I used to work a short week schedule when I lived near Bishop that allowed me to spend a lot of time doing old newspaper research. I'd sit at the microfilm reader in the early years with a microcassette recorder and note articles, paraphrase or outright quote them; noting spelling and punctuation. Later, I'd take my laptop computers and type paraphrased notes or quotations. I'd try to do sequencial research (continue issue by issue through a span of years), but often jump around depending if I was researching a specific person or place (I'm a published author and have done research for hire years ago). I still only covered 1900-1909 and sporadic dates before and after in the Inyo Register and other newspapers (Independence, Big Pine, Rhyolite, Death Valley Chuck-Walla [Greenwater], Skidoo, Beatty, Winnemucca, others) over more than two decades.

    The above was in addition to courthouse records, other material.

    Newspapers from established and long standing settlements (Bishop, Independence) generally tell truthful facts; boomtown newspapers often embellish for the sake of appeasing stockholders in far away places. Rhyolite and Beatty newspapers did so for the first years, but then settled down and started calling a spade a spade in their later years.

    I still have my notes on computer. I'd transcribe all my verbal notes from microcassette, later typing directly into my computer. I keep MS Word files for each year, most years run 5,000+ pages.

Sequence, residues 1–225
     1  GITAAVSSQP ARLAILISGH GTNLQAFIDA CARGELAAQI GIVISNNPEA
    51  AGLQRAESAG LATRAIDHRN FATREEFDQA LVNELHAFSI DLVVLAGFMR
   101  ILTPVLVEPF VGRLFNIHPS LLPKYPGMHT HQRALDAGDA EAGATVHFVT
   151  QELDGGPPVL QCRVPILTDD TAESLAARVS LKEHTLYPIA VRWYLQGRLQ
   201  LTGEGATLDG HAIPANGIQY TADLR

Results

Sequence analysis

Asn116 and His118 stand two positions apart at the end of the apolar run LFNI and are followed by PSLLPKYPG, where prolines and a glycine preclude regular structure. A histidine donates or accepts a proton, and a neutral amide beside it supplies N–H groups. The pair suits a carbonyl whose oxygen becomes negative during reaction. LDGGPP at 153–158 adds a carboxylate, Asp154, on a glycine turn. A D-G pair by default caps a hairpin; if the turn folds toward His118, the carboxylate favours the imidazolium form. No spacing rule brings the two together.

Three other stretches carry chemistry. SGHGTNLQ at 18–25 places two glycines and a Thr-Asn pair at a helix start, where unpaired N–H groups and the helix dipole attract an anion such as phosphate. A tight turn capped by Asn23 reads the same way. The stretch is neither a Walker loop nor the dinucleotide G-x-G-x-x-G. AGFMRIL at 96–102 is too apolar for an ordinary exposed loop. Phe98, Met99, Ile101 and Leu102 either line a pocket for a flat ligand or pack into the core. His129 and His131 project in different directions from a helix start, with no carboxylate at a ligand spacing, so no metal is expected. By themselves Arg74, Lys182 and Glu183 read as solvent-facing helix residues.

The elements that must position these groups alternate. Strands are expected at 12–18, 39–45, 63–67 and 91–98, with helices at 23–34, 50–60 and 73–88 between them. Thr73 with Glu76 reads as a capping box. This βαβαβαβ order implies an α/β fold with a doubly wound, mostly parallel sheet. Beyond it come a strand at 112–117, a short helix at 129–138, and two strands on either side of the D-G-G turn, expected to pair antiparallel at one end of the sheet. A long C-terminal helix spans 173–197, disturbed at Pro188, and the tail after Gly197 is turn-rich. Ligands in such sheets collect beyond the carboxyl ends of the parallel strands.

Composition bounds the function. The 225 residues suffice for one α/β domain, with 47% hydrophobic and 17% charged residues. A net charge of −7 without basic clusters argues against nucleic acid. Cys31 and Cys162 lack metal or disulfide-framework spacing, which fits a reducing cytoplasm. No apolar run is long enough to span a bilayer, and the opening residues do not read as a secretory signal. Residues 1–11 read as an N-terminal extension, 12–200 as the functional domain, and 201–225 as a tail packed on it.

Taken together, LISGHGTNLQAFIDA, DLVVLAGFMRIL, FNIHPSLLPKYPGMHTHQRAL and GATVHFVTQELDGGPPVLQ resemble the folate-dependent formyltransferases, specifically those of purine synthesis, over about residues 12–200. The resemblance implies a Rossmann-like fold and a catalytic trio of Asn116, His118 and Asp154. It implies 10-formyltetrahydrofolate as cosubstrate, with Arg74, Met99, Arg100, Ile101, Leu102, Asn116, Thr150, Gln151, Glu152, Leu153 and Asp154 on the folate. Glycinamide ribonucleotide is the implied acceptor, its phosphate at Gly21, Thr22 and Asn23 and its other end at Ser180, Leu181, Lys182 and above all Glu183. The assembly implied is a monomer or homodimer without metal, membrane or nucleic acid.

You might be able to procure microfilms through purchase or library loans and pick up a used microfilm reader (rather costly, but they regularly show up on eBay). I know I've rebuilt the one in the library at Bishop multiple times for the county (I was probably the one using it most over the decades). And then plan on spending the rest of your life scratching the surface ...
    Last edited by David A. Wright; 11-16-2010 at 11:48 AM.
    David A. Wright
    Quote: "Happy Trails To You, Until We Meet Again!"

  5. #5
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    Another book that you might enjoy, long out of print, is Nel Murbarger's GHOSTS OF THE GLORY TRAIL. The book is basically a compilation of her Desert Magazine articles from the 1950s and recounts the history and her findings at ghost towns in eastern California, Nevada and Utah in the 1940s-1950s. She saw a lot of stuff that is no longer left at these sites. The book is full of many of her photos.

    The book should be readily available fairly inexpensively through abebooks.com. It was published in hardback and paperback. I have a copy of each. The hardback I found at a used bookstore in Portland, Oregon in 2003 for $5. It was autographed by Nel and had a nearly page length note to the person purchasing the book in her own handwriting.

    It's a facinating read.

    Nel Murbarger also published a companion book to GHOSTS, called SOVEREIGNS OF THE SAGE. It mimicks the format of GHOSTS and covers sites not mentioned in the first book. I believe she also published another book but it's focus is on Arizona. I don't recall the name of that book.
    Last edited by David A. Wright; 11-16-2010 at 11:54 AM.
    David A. Wright
    Quote: "Happy Trails To You, Until We Meet Again!"